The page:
Riley County prepares for Phase 1.5 of Restrictive Movement order

(Illustration by Abigail Compton | Collegian Media Group)

The Riley County Health Department released Local Health Order No. 8 today, creating Phase 1.5 of the Restricted Movement order.

The phase is modeled after Gov. Laura Kelly’s Phase 1.5 of Ad Astra: A Plan to Reopen Kansas, which takes effect May 18. In this phase, salons, barbershops, tattoo parlors, gyms and other “personal service businesses” are able to reopen. Bars, theaters, museums and other non-essential, leisure business will remain closed.

Local health officer Julie Gibbs said county offices will also reopen Monday.

Salons are not required to take clients temperatures, but Gibbs said each salon should follow guidelines set by the Kansas Board of Cosmetology. Clients must make an appointment and salons should not accept walk-ins.

In Riley County, restaurants are able to serve at full capacity, but must close by 10 p.m. The 10 p.m. closing time is to distinguish between a restaurant and a bar, Gibbs said.

In addition, childcare centers are able to operate normally. Gibbs said with more businesses open, more people will need childcare as they go back to work.

“We are excited to open more businesses, but if not done correctly, we can greatly increase risk of exposure, ” Gibbs said. “It’s important that we continue to do our part to keep ourselves safe and others safe as well.”

Businesses with questions about best practices should call the Manhattan Chamber of Commerce at 785-776-8829 or email Additional resources for reopening local businesses are available at

Riley County reported a new positive case on Friday, bringing the countywide total to 60 cases. Of these positive cases, 12 are active and 47 are considered recovered. Earlier this week, the county documented its first COVID-19 related death.

The newest person to test positive is a male of an unknown age. He is associated with an outbreak in a different county.

While Riley County has been successful at restricting movement during the past few months, Gibbs said the county now has a “B” social distancing grade.

“Continue to keep your distance from others,” Gibbs said. “Wear a mask when out. Wash your hands as often as you can.”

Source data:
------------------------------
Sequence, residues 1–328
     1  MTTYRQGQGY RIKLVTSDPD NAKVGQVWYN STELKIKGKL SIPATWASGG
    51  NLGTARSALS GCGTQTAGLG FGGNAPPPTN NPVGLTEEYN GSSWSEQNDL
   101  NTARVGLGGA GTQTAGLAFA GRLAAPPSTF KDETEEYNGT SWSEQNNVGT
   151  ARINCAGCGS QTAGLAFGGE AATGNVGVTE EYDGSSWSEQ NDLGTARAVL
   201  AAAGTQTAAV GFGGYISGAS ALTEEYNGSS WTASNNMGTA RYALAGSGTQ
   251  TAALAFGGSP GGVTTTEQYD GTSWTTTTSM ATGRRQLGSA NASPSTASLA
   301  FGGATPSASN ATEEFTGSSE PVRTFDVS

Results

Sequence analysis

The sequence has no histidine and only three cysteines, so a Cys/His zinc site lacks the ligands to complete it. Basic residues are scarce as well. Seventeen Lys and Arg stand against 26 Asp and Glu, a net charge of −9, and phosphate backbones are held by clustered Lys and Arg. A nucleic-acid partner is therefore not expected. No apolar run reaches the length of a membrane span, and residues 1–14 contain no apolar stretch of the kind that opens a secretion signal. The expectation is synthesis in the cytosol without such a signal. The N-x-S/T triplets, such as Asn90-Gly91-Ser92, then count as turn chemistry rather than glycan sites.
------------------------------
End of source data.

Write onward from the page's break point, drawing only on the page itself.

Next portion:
Bob Copple, Ascension Via Christi hospital president, expects the number of positive cases in the state to increase with the increased amount of testing, but the percentage should ideally go down. The risk, he said, remains the same.

“Our curve has been flat now going on for a couple weeks,”Copple said.

Currently, Copple said Via Christi has two persons under investigation. There have been no hospitalizations of known COVID-19 patients since Monday.

Via Christi resumed essential elective surgeries last week. Copple said pre-testing is done on patients coming in for procedures. Only one positive patient has been identified through this process.

“This is a little more inconvenient if you are a patient,” Copple said. “This has to be done three to four days before their surgery.”

Patients and others in their household have to home isolate until results are available.

Individuals with symptoms are encouraged to call the screening line at 785-323-6400. The screening line is only available weekdays from 8 a.m. to 8 p.m. People with non-emergent questions about COVID-19 in Riley County should send an email to

To be tested in Riley County, individuals must present at least two symptoms of COVID-19. The complete list of known symptoms is available on the health department website.

My name is Bailey Britton and I am the managing editor for the Collegian. I grew up in Colby, Kansas. I am a sophomore studying journalism with minors in leadership studies and English. I value quality news coverage and believe that communication is a vital part of solving problems. When I have free time, I like to spend time with friends and family or be outdoors with a good book.